PC PRINCESS: Stop Stigmatizing the Adult Entertainment Industry

If you search “famous ucsd alumni” on Google, one of the first people you will see is Evelyn Lin, a prominent pornographic actress who first began making adult entertainment films while attending UC San Diego in the late 2000s.

Lin is not the sole UCSD student in her profession. While there is no official data on the matter, I have encountered a number of peers on-campus who have supplemented the cost of tuition and other expenses by partaking in the adult entertainment industry, whether it be through startups like OnlyFans, or more established outlets like PornHub and Brazzers.

The UCSD students I reached out to for comment on their involvement all declined to be interviewed. Those that responded stated that they had to keep their profession a secret in order to evade judgement from their peers.

Stigma surrounding adult entertainers is nothing new, as Western society has historically maintained a certain level of sexual conservatism. While recent praise surrounding music videos like “Cyber Sex,” which features singer Doja Cat as a camgirl, and movies like “Hustlers,” a movie about strippers, reflects a departure from this cultural mantra, the vast majority of society still negatively views adult entertainers. This is a problem because this stigma is degrading to those who work in the industry.

Duke University graduate Miriam Weeks experienced this stigma first hand. Weeks, who chose to create pornography to pay her nearly $50,000 in tuition and fees, faced an onslaught of criticism and threats once her secret was out.

“People said that I deserved to be raped and murdered,” Weeks said in an interview with The News and Observer. “I had people threatening to run me over with their cars. Probably the most hurtful thing was there was a suicide countdown for me on one web site, of people making bets on when I’d succumb to all the harassment and kill myself.”

No one should experience this level of hate, and I personally have a hard time understanding where this disdain for the industry stems from. Whether one chooses to work in the industry to pay their way through university or simply to make a little extra cash on the side, what these workers choose to do with their bodies should not be up to the scrutiny of others, as their actions affect no one except themselves.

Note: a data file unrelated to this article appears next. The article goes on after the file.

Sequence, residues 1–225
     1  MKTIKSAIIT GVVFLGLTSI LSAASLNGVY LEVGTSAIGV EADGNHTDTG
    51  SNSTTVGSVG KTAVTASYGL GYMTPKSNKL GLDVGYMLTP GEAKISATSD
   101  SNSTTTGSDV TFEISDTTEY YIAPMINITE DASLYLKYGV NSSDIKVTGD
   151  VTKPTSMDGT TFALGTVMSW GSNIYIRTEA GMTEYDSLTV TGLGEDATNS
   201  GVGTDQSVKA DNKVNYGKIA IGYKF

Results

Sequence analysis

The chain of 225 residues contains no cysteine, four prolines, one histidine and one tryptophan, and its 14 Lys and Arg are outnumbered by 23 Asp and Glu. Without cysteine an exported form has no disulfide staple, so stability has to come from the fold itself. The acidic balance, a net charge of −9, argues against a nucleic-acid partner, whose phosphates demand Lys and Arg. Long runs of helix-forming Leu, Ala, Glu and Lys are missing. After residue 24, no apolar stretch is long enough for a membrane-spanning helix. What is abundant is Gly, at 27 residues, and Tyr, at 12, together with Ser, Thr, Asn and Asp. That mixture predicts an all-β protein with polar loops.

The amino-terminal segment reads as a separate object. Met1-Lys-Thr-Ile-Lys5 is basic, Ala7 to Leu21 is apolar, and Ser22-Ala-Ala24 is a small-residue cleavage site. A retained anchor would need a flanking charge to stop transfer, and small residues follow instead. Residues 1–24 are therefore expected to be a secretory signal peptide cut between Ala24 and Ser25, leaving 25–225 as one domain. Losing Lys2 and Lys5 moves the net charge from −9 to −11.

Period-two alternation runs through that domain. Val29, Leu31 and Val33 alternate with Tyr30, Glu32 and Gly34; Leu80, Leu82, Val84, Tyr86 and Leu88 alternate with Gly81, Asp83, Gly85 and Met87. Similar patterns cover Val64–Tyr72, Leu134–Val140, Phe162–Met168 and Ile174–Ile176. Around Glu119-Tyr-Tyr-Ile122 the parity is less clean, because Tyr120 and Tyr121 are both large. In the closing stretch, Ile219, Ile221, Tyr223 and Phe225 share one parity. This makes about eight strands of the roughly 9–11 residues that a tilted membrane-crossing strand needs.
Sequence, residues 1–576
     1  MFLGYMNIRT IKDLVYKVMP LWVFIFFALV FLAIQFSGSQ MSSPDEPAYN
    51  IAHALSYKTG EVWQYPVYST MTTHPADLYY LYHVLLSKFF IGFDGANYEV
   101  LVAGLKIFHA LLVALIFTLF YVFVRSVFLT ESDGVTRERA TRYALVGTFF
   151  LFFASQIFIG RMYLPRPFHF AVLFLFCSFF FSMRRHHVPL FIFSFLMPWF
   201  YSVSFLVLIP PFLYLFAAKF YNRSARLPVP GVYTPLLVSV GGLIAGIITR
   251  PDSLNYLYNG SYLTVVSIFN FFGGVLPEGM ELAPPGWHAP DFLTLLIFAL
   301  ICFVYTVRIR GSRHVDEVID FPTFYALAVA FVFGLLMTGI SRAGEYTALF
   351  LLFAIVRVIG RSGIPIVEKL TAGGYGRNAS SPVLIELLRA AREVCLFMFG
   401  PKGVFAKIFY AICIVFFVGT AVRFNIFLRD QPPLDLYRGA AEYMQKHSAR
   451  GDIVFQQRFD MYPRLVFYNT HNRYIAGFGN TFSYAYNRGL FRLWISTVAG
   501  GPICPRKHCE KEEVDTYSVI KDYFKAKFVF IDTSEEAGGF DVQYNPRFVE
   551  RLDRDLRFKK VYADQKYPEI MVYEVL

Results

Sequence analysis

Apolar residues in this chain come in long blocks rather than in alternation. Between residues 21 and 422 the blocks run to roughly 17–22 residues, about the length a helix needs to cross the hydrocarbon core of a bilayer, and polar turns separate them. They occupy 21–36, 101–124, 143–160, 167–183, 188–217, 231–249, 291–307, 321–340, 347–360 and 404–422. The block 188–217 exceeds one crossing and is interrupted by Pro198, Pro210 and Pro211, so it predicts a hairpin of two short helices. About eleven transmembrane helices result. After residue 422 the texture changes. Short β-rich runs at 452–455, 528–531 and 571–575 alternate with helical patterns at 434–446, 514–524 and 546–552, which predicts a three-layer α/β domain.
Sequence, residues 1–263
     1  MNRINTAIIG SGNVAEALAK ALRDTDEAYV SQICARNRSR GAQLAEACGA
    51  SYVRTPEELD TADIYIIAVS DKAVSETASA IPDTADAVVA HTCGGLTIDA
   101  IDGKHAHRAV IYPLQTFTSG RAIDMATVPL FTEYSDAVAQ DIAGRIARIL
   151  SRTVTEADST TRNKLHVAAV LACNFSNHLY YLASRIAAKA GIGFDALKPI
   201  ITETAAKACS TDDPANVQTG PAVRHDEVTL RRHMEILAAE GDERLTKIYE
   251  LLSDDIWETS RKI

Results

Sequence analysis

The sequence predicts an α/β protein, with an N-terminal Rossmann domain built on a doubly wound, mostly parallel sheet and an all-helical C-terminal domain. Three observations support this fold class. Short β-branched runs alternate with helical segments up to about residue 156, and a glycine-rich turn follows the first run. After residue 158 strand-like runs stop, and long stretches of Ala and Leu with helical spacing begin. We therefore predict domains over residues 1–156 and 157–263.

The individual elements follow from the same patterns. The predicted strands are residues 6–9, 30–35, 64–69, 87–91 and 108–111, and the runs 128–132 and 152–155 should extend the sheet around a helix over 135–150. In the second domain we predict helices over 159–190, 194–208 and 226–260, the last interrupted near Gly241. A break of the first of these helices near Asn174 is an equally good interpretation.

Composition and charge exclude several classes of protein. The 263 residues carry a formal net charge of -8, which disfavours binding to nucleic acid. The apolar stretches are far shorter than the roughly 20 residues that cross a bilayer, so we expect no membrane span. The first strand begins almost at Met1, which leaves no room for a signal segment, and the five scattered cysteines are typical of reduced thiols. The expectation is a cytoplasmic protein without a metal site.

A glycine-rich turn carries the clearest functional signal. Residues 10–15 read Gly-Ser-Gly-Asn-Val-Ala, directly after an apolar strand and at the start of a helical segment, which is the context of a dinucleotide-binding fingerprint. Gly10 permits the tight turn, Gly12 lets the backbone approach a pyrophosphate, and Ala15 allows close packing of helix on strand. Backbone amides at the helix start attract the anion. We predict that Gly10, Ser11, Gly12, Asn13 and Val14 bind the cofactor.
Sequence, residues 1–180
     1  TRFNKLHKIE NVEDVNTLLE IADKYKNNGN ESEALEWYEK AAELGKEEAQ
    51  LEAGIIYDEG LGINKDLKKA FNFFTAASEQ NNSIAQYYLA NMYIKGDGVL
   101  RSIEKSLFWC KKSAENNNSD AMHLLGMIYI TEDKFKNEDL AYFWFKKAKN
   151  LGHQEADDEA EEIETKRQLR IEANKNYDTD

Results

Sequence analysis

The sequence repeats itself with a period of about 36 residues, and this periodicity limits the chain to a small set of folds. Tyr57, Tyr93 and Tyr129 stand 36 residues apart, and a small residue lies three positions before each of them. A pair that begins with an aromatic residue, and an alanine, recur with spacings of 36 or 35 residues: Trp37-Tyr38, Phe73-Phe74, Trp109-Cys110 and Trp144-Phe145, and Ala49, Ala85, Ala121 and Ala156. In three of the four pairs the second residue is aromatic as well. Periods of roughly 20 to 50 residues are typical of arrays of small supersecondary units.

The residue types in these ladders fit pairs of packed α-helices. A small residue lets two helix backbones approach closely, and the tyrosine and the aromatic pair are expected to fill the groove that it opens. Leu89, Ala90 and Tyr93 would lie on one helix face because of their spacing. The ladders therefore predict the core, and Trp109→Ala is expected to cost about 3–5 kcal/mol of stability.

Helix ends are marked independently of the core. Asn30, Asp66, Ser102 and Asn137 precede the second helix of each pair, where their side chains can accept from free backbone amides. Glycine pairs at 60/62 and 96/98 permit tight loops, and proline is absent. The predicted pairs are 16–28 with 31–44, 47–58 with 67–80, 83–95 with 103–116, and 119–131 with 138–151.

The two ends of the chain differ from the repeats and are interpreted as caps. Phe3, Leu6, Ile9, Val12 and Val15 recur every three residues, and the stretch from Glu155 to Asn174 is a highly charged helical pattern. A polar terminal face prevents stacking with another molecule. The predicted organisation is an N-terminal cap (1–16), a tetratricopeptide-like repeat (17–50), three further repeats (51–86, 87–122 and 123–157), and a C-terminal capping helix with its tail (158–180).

In an Op-Ed for Cosmopolitan, an anonymous General Surgeon explained her decision to become a stripper as a way to pay her way through medical school. The context under which she decided to become a stripper mirrors the experiences of many UCSD students — she said she first tried working full time in a traditional job, but saw that her academics suffered due to the lack of sleep she experienced having to balance work and school. The decision to become a stripper made sense in her situation, as she earned enough to get by with a limited amount of hours worked. However, this decision was not one she felt she could express to her classmates.

“I definitely would have been judged if other people knew,” she wrote. “Medical school, and forgive me for saying this, is filled with very cliché kids. Their father and grandfather were surgeons, they have a summer home in the Hamptons, they got a new car for their 16th birthdays, and every other year they go backpacking through Europe. That was about 85 percent of my graduating class.”

With the ongoing COVID-19 pandemic limiting the amount of jobs available to students, several have understandably turned toward camwork to pay for their college expenses. Since the epidemic began, OnlyFans has reported a 75 percent increase in sign-ups. However, this increase in participation has not decreased the stigma surrounding adult entertainment at large.

One subtler form of stigma comes in the form of making fun of the profession, claiming that it is “easy” and a way to cure “quarantine boredom.” Gwen Adora, an adult content creator, explained how jokes and fetishizations of the industry broaden its stigma in an interview with Vice. 

“Our community deals with so much and that ranges from stigma to people being murdered,” Adora said. “When people make jokes like, ‘Oh, ha ha ha, sex work is so funny, let’s start an OnlyFans,’ they don’t acknowledge the gravity of our situation.”

Adora’s argument showcases how even subtle stigmas harm adult entertainers. Especially for those in college who are already trying to balance their job with school and daily life, the damage that the stigma creates can both affect one’s academic success as well as their mental health.

For you Tritons who are struggling to make ends meet and have decided that the adult entertainment industry financially makes sense, I applaud you and support your decision. This is both a difficult and personal choice to make.

As for those of you who want to criticize your fellow adult entertainers, I ask you to take an introspective look before you comment on the matter. Does your classmate’s involvement in the industry have any effect on your personal life? And most importantly, do you have the privilege to not have to make such a stigmatized decision in the first place?

College is difficult, and these difficulties have been even more magnified with the ongoing pandemic. We must support one another rather than tear each other apart. We all face a number of difficulties unique to ourselves, and not one of us is any better than the other.

Artwork by Anthony Tran of the UCSD Guardian Art Department.

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